The Flat Earth Society

Flat Earth Discussion Boards => Flat Earth Community => Topic started by: WellRoundedIndividual on January 11, 2019, 06:43:00 PM

Title: Samuel Birley aka Rowbotham
Post by: WellRoundedIndividual on January 11, 2019, 06:43:00 PM
So, I tried to use the search function to find anyone talking about the former secretary of the Zetetic Society, Henry Ossipoff Wolfson. Apparently, he wrote a expose on Rowbotham positing that he was a snake oil salesman, in short. He claimed that Rowbotham went by the name of Dr. Samuel Birley, and that Rowbotham was merely using the Flat Earth theory as a cover to hoodwink people.  Is there any truth to this story being true, and is there any truth to the claims of Mr. Wolfson (if said story is true)?
Title: Re: Samuel Birley aka Rowbotham
Post by: Pete Svarrior on January 11, 2019, 07:28:28 PM
An interesting question/claim/whatnot. I'll address it in parts - starting with things which are false to the best of my knowledge, and moving on to parts which are true or likely true.

I should start by saying that the name Henry Ossipoff Wolfson is a complete unknown to the documented history of the Flat Earth Movement. There is no record of any person by that name having been in the Zetetic Society. This claim of an exposé appears to originate from a New Yorker article (https://www.newyorker.com/science/elements/looking-for-life-on-a-flat-earth), and is made with no reference to a source. Some of the wording in the supposed exposé is very similar to Christine Garwood's phrasing from Flat Earth: The History of an Infamous Idea (which I recommend - it's rather unfavourable towards FET, but the research into the movement's history is of a high standard). I have a sneaking suspicion that Mr Wolfson's words (or even existence) may have been at least partly fabricated.

As for his travelling salesman routine, there's a nugget of truth to that. It was widely alleged during his life that he was a quack going by "Dr. Birley, PhD" (of Birley's Phosphorus (https://3.bp.blogspot.com/-JsXOOT5m9As/T3Nde145-iI/AAAAAAAAAwQ/mOkk-87tKiM/s1600/003+2.jpg) fame), and that he sold and various products claiming to improve one's health. Did they have the curative properties he was promising? Almost certainly not. It's hard to say with certainty whether our Rowbotham and "Dr. Birley, PhD" were the same person, but given that Samuel Rowbotham filed multiple patents, including one for a "life-preserving cylindrical railway carriage", I'd say it's at least believable.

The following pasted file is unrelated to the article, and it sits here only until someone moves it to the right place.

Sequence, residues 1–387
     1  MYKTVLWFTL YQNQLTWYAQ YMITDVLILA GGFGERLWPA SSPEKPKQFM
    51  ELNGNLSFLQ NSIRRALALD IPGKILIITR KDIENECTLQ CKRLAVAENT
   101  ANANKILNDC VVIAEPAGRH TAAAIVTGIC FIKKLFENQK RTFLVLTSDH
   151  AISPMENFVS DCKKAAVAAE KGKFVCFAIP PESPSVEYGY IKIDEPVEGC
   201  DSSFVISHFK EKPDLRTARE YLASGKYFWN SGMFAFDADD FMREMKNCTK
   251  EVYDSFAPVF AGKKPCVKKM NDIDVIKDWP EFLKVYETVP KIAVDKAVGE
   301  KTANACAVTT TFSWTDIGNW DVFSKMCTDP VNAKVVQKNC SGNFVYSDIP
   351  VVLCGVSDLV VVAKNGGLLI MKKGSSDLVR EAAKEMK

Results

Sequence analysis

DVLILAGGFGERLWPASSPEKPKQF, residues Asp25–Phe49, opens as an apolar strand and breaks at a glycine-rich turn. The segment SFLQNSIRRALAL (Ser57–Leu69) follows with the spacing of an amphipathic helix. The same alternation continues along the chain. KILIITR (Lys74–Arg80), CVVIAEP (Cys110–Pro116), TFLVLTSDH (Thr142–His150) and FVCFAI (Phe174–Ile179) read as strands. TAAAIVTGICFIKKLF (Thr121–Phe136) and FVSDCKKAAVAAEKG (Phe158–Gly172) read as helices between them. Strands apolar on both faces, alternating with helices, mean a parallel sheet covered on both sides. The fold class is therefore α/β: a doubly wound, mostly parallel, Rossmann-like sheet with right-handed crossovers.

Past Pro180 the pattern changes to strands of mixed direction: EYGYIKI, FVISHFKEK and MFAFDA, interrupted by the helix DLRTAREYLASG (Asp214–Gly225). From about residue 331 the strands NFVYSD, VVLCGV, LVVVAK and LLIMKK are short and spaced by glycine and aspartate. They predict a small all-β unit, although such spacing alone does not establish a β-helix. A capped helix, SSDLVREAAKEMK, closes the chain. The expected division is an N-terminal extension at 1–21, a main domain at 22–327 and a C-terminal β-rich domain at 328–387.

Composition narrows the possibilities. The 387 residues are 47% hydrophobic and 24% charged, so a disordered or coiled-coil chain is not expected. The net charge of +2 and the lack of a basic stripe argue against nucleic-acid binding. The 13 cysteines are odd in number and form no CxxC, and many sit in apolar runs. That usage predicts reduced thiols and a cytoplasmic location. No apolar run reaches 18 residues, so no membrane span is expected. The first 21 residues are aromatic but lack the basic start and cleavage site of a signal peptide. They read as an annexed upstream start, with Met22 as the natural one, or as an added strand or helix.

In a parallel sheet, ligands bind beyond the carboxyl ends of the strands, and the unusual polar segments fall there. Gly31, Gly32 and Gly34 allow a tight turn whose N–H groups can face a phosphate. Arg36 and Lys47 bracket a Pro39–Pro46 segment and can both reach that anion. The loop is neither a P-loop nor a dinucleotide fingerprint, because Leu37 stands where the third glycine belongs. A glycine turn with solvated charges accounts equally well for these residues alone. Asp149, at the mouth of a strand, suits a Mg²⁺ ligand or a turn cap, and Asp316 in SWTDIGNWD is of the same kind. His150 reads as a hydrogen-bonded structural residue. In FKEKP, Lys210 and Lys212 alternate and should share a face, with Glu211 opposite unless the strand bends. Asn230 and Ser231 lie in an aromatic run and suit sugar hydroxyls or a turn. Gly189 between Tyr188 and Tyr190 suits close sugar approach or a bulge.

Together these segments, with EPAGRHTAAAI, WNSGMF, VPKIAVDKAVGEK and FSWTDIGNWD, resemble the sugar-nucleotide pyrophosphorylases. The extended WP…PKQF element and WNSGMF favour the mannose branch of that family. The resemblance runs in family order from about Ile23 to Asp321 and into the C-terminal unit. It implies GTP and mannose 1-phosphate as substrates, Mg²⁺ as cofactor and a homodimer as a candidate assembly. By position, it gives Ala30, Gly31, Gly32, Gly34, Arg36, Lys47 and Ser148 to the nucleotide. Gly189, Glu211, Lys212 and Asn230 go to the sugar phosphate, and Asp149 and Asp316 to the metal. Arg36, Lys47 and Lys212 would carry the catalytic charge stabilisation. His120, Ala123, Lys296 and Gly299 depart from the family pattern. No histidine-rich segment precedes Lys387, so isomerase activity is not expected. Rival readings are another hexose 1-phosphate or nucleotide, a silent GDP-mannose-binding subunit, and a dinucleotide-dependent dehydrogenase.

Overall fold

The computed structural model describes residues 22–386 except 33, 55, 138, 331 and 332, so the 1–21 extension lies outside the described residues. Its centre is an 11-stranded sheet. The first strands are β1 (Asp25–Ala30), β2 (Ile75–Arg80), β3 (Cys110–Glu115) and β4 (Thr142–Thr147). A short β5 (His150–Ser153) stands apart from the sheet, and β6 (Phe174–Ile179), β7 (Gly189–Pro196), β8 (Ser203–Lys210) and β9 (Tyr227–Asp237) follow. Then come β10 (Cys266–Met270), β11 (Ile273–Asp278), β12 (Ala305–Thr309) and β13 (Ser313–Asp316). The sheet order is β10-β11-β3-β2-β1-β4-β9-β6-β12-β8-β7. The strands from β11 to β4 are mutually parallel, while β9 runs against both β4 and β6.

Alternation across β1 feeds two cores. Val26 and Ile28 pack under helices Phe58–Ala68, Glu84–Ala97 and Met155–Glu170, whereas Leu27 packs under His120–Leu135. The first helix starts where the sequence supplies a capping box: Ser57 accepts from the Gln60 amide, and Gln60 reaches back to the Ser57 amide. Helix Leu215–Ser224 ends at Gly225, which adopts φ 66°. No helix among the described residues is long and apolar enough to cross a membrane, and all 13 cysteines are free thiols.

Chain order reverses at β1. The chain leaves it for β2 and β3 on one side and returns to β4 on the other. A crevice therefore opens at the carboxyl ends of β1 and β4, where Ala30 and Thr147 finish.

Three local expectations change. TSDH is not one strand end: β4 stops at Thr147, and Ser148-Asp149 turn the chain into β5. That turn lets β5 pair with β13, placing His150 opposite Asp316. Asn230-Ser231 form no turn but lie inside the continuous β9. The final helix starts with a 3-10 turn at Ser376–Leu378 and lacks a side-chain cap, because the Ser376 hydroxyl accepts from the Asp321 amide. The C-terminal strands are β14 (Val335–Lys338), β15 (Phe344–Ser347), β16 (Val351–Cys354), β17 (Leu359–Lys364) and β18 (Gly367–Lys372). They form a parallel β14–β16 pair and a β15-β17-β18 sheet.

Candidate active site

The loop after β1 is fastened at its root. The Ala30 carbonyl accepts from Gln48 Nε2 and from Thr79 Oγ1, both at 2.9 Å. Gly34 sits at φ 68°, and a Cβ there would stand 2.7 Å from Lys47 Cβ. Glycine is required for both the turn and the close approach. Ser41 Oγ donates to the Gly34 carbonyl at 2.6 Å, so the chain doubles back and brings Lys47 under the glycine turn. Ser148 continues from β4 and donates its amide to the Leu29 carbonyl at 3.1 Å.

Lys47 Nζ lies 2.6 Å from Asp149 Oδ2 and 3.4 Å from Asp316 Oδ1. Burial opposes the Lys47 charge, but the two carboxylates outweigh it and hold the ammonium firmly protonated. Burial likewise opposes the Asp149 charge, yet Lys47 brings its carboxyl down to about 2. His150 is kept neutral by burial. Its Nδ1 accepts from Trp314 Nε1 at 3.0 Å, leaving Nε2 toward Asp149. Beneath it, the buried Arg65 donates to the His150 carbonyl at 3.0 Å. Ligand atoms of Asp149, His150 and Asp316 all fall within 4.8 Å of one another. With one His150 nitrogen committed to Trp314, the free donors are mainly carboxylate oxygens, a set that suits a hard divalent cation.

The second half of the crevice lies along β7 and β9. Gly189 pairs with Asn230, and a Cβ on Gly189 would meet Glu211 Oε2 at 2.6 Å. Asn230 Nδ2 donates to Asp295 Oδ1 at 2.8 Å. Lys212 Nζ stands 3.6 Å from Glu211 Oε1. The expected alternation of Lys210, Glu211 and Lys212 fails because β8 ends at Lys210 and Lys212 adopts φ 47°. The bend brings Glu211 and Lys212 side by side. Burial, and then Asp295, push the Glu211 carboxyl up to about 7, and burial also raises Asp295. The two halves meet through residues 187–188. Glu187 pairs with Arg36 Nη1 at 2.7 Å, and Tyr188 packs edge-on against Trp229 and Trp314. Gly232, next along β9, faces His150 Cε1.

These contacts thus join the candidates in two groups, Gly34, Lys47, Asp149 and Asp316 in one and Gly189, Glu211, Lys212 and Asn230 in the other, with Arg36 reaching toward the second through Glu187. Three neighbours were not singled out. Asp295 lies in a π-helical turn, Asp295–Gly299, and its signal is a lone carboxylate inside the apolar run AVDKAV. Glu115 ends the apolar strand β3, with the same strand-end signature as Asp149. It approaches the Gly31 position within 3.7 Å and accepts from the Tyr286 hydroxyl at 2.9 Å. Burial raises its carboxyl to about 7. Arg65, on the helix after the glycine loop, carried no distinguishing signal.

That said, Rowbotham was many things. He was also a travelling socialist lecturer advocating for a regime change, for example. I wouldn't rush to conclusions about his Flat Earth belief being disingenuous. He was far from a perfect man, and I'm willing to believe that he did swindle people towards the end of his life, but it would be unfair to say that his entire life was a lie.
Title: Re: Samuel Birley aka Rowbotham
Post by: WellRoundedIndividual on January 11, 2019, 07:44:48 PM
No intentions on condemning his flat earth claims as false. I have just been doing quite a lot of research into all aspects of your community and stumbling upon this kind of caught me by surprise. And yes, the New Yorker article is where I first saw the name of Wolfson.
Title: Re: Samuel Birley aka Rowbotham
Post by: Tom Bishop on January 11, 2019, 07:47:06 PM
You can't trust anything you read on the matter. Insults and character assassination is the best evidence they have. Rowbotham's wikipedia page (https://en.wikipedia.org/wiki/Samuel_Rowbotham) says that he dropped out of school at the age of 9.  ::)

The American Association for the Advancement of Science lists him as Dr. Samuel Rowbotham in his 1885 obituary, as does the obit in Eng. Mechanic and World of Science. The Bookseller obituary confirms he was a practicing doctor of medicine as a "legitimate profession with immense success (https://books.google.com/books?id=f-IiAQAAMAAJ&pg=PA12&dq=%22exercised+his+legitimate+profession%22&hl=en&sa=X&ved=0ahUKEwiI0drD6JPfAhVHPK0KHf1mBy0Q6AEIKTAA#v=onepage&q=%22exercised%20his%20legitimate%20profession%22&f=false)."

Rowbotham's work is cited in medical texts.

https://books.google.com/books?id=atPGizuKTYoC&dq=Rowbotham%20phosphorus&pg=PA650#v=onepage&q=Rowbotham%20phosphorus&f=false

(https://i.imgur.com/Z0DtD5l.png)

This is cited alongside other evidence-based benefits of phosphorous by other researchers.

Could someone tell us how Rowbotham went his entire career pretending to be a medical doctor and treated people with medicine, medicine that allegedly doesn't work at all no less, and how he got away with it, especially with all of the scrutiny he was under by the entire world?
Title: Re: Samuel Birley aka Rowbotham
Post by: Pete Svarrior on January 11, 2019, 07:51:28 PM
Hence my suggestion that there might have been two individuals whose histories got tangled together. I'm not fully convinced that this was the case, but it does explain some discrepancies.
Title: Re: Samuel Birley aka Rowbotham
Post by: WellRoundedIndividual on January 11, 2019, 07:55:16 PM
I found this eBook, as well.

https://www.cantab.net/users/michael.behrend/ebooks/PlaneTruth/pages/index.html
Title: Re: Samuel Birley aka Rowbotham